Jumpmasters from different units within the 82

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Airborne Division competed in the Jumpmaster of the Year competition with hopes of earning bragging rights as the best in the division.

Five paratroopers competed in the four-day event, held April 16 through 19, at the Advanced Airborne School.

Sgt. 1

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Class Mason Riepe, 1

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Brigade Combat Team, 82

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Airborne Division; Sgt. Cory Ballentine, 2

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Brigade Combat Team, 82

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Abn. Div.; Sgt. 1

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Class Eric Pisano, 3

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Brigade Combat Team, 82

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Abn. Div.; Sgt. 1

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Class John Bailey, 4

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Brigade Combat Team, 82

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Abn. Div.; Staff Sgt. Gregory Black 18

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Fires Brigade (Airborne) were the candidates who competed in this years competition.

“The best part of the competition was the competency level of the Soldiers who were competing,” said Sgt. 1

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Class John Bailey, battalion fires control sergeant, 2

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Battalion, 321

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Field Artillery Regiment.  “Competing against high caliber Soldiers only increases your experience and makes you better.”

Day one began with the candidates taking a physical fitness test and an exam on the names of different parts of the parachute and special equipment.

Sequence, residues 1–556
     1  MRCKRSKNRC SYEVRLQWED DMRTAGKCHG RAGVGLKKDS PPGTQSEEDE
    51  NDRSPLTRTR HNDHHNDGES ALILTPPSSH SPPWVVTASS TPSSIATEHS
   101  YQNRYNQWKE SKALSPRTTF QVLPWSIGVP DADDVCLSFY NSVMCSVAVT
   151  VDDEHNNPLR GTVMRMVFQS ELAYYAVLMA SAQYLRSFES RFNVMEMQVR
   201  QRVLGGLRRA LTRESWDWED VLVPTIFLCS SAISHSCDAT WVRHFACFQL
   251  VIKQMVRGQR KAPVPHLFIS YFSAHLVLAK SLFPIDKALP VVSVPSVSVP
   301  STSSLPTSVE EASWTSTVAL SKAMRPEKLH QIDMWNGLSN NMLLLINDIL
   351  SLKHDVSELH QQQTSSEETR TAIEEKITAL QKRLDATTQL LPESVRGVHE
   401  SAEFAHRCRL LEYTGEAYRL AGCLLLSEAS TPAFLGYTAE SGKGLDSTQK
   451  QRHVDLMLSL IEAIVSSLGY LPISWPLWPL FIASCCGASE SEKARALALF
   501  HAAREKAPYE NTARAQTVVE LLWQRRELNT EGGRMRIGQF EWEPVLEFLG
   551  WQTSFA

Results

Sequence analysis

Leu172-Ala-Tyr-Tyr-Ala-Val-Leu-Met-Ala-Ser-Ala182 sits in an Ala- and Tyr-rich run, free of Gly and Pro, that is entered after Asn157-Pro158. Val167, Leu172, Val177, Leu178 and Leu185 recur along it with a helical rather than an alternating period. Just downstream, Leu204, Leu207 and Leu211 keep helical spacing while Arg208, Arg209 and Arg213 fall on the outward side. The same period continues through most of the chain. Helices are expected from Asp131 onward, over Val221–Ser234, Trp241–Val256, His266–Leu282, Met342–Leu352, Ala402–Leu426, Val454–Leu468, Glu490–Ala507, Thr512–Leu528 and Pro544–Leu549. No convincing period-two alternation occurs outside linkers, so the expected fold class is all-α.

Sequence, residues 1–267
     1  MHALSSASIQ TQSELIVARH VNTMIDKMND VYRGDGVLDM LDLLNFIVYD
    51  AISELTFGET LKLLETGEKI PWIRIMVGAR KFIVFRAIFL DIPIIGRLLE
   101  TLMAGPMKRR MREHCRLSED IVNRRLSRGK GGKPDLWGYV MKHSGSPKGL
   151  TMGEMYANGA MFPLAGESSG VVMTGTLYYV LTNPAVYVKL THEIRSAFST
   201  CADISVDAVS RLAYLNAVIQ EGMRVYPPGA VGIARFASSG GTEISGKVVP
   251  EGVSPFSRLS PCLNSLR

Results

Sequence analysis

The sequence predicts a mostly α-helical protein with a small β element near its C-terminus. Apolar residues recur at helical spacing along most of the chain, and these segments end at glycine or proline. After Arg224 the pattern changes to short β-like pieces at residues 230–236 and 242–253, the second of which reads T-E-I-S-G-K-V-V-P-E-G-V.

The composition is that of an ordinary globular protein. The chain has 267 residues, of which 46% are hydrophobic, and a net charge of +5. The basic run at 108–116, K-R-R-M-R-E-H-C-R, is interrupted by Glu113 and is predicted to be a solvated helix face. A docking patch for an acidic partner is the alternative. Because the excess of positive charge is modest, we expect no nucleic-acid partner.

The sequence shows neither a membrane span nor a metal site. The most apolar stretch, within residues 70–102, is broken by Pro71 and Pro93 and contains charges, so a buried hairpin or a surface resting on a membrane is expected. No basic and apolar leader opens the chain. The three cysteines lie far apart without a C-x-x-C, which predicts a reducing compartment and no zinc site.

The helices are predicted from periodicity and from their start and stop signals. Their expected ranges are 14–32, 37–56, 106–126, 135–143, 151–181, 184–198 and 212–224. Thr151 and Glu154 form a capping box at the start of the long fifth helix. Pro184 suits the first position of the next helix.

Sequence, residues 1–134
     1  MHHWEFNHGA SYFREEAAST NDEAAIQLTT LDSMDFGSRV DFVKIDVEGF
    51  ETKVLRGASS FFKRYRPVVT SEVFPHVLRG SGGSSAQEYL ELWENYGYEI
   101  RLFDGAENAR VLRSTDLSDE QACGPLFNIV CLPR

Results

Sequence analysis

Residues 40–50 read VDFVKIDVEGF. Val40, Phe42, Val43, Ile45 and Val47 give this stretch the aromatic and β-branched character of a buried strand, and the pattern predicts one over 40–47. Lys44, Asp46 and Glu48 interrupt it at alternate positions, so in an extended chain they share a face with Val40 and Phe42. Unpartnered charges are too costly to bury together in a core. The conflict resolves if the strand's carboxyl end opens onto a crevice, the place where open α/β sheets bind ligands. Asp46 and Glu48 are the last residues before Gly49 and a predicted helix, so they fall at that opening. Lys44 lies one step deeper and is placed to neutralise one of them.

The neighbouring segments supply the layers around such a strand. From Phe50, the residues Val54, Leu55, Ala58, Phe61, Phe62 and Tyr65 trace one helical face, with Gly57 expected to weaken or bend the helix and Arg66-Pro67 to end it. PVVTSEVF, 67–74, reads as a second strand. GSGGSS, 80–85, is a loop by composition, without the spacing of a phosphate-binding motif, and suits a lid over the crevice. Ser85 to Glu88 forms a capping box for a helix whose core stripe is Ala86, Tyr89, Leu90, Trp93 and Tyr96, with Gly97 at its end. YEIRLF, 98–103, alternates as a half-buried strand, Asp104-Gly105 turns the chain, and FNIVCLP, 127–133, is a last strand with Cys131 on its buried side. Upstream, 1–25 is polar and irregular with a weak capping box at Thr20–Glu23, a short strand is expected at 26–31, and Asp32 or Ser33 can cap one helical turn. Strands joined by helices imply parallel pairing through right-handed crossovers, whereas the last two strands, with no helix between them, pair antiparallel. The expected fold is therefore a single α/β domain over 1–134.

The 100-question, nomenclature exam tested the jumpmasters knowledge and attention to detail of the smallest air item.

“The competition has made me more proficient because I was able to rig and put my hands on items that I usually don’t get to handle being in 18

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Fires,” said Staff Sgt. Gregory Black, howitzer section chief, 1

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Battalion, 321

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Airborne Field Artillery Regiment.

The jumpmasters took a 100-question written exam demonstrating jumpmaster knowledge as well as a rigging test, showing their expertise in rigging special items on the second day.

At four different stations the candidates rigged items such as a M240B machine gun and M249 squad automatic weapon to be jumped by airborne Soldiers.

“I learned to rig all the specialized equipment, which I didn’t know how to do before,” said Ballentine, fire support specialist, 2nd Bn., 319

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Airborne Field Artillery Regiment.  “I think the competition has definitely made me a better jumpmaster.”

Jumpmaster personnel inspection, commonly known as JMPI, required each of the jumpmasters to inspect three paratroopers within five-minutes and find all major and minor deficiencies.

Ballentine said that he conducted JMPI on his Soldiers and printed out and memorized images of all the special items in order to prepare for the competition.

On the final day of the competition, the candidates were tasked with a practical work in the aircraft exam.

During PWAC the candidates were tasked with giving all the proper commands and door inspections while in the air.

“PWAC is where you make your money when it comes to being a jumpmaster,” said Black.  “There is nothing like exiting paratroopers from an aircraft,” he said.

“It was a great opportunity to represent the Loyalty Battalion and the Panther Brigade against some of the best in our division,” said Pisano, platoon sergeant, 1

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Bn., 319

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Airborne Field Artillery Regiment.  “I recommend all leaders in the 82

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become a jumpmaster… it’s what we do,” Pisano added.

“It is an honor to be recognized as a competitor in the competition and if you win, you are part of a select few of such a prestigious title.  There is nothing better than being labeled the Jumpmaster of the Year in the greatest airborne division,” Black went on to say.

Bailey, who has been a jumpmaster for 10 years, said the most difficult part of the competition was not knowing your scores or what you did wrong throughout the competition.

The winner of this year Jumpmaster of the Year competition will be announced during All American Week being held May 20 through 23.